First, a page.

The UK could support two airport hubs rather than one, according to the commission investigating aviation capacity constraints.
The Airports Commission said it should be possible for one of the three global airline alliances at Heathrow to move to another airport – the most obvious location being Gatwick – without any large scale damage to their operations.
“A complete alliance might … find it possible to transfer the entirety of its network [from Heathrow to another airport] if it chose to do so and the necessary capacity was available,” said the commission, in its airports operating models consultation document.
“Modelling work conducted for the Airports Commission by the [Civil Aviation Authority] demonstrates that if any of the alliances currently present at Heathrow – Star Alliance, Oneworld or SkyTeam – opted to relocate to either Gatwick, Luton or Stansted, theoretically this would not result in substantial connectivity losses for passengers of that alliance.”
The commission, chaired by Sir Howard Davies, said that if it concluded more airport capacity was needed, the factors that would influence an airline alliance in moving away from Heathrow could become a “key issue” for it to consider.
Gatwick, which is arguing against Heathrow’s expansion, wants a second runway and has expressed an interest in the possibility of becoming a hub by securing one of the global airline alliances.
The commission’s statement highlights how it is far from certain that capacity-squeezed Heathrow will succeed in its efforts to secure permission to build a third runway and possibly a fourth, the Financial Times reported.
The paper considers the distinguishing features of a hub or ‘focal’ airport and what enables an airport to assume this role, alongside other possible models for structuring airport capacity.
It discusses current trends in the global aviation sector, how they might develop in the future, and considers the potential implications for aviation capacity and connectivity in the UK.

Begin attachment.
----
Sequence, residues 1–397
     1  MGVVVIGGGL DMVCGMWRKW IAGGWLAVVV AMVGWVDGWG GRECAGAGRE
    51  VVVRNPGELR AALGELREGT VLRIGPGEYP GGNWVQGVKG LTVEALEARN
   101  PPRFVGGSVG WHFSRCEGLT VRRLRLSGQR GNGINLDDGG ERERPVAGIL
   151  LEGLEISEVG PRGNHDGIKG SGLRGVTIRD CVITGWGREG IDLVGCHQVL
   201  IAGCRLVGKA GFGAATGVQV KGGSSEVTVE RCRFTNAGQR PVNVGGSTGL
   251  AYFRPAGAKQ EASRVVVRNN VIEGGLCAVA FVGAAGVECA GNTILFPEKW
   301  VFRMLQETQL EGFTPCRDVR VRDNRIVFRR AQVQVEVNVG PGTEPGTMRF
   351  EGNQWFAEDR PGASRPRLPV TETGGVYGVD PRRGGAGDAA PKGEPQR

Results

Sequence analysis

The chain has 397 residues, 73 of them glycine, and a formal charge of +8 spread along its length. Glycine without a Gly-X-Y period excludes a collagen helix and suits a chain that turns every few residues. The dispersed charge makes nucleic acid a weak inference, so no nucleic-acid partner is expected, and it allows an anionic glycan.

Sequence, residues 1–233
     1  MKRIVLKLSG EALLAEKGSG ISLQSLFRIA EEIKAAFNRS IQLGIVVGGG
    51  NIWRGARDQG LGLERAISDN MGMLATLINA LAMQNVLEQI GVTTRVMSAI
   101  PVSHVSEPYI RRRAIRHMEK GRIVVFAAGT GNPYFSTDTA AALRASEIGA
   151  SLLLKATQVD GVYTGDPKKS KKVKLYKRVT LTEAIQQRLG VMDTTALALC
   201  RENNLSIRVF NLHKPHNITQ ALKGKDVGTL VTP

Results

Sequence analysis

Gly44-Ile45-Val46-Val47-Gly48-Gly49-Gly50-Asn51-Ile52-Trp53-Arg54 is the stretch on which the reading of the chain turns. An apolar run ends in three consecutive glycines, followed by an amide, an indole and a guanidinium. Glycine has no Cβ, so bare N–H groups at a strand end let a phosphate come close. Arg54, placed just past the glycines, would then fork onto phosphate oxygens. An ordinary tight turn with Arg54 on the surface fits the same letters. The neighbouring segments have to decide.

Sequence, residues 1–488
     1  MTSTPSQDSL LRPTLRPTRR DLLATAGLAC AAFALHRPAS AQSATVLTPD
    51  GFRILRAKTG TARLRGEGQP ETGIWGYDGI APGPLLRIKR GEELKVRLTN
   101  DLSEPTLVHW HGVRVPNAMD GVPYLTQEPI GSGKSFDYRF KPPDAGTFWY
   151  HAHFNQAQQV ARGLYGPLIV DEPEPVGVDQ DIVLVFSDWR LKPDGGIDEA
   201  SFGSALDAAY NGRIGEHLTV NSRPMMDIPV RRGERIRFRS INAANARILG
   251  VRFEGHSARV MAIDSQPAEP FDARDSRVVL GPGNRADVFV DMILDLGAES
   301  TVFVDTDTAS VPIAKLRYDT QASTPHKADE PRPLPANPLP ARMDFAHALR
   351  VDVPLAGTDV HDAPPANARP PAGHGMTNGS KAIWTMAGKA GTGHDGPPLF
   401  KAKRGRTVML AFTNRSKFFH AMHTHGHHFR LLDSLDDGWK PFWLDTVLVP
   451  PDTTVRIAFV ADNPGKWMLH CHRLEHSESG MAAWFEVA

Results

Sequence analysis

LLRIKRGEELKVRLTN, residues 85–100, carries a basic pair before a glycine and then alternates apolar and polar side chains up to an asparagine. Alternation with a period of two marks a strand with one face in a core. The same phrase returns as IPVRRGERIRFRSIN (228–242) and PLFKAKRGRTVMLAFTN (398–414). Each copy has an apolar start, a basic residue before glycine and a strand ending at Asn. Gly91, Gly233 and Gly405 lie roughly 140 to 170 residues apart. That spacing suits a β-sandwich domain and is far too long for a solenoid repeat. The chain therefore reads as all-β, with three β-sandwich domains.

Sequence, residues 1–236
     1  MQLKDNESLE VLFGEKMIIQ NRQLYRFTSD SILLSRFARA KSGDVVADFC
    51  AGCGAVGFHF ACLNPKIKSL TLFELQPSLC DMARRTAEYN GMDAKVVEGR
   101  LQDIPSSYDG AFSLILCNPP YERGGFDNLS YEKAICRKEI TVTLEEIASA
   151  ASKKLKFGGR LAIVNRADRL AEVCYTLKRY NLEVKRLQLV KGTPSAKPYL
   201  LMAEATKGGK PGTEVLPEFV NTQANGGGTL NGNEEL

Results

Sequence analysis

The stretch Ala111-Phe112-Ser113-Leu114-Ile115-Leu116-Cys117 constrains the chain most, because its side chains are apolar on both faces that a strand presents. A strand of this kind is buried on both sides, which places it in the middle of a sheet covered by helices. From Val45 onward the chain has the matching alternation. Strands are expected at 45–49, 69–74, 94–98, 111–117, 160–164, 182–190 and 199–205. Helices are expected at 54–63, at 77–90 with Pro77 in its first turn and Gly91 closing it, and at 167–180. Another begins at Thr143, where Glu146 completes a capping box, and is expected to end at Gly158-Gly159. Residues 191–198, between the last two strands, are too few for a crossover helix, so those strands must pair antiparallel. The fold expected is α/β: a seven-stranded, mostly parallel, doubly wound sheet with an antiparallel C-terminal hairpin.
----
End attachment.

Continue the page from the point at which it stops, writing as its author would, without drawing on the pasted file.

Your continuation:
Sir Howard said: “There is an important public debate in progress about the strengths and weaknesses of different airport operating models.
“The Airports Commission will need to give these arguments full and detailed consideration as we develop our assessment of the UK’s future aviation requirements.
“We believe it is particularly important to think about the way the aviation industry will change in the coming decades.
“Today’s industry is unrecognisable from the one a quarter of a century ago. This paper explores some of the possible future scenarios, which carry different implications for airport shape and capacity.”
The Commission set a deadline of July 13 for evidence to be submitted on the issues raised in the report.
The Commission paper states(page 46):
Could the UK support two focal airports?
4.42 The London airports system is estimated to be larger than that of any other city in the world – serving more than 140 million passengers in 2010 compared to approximately 103 million passengers at New York airports and 98 million passengers at Tokyo airports (the
second and third busiest airport systems).
Given the comparatively low proportion of transfer passengers at London airports compared to their European and Gulf competitors, this indicates an extremely substantial origin and destination market. For these reasons, the Commission has considered whether it may be viable for the London market to sustain two separate focal airports.
4.48 This analysis suggests that it would be very difficult for a single airline to spread
its hub operations over multiple airports. A complete alliance might, however, find it possible to transfer the entirety of its network to a different airport if it chose to do so and the necessary capacity was available.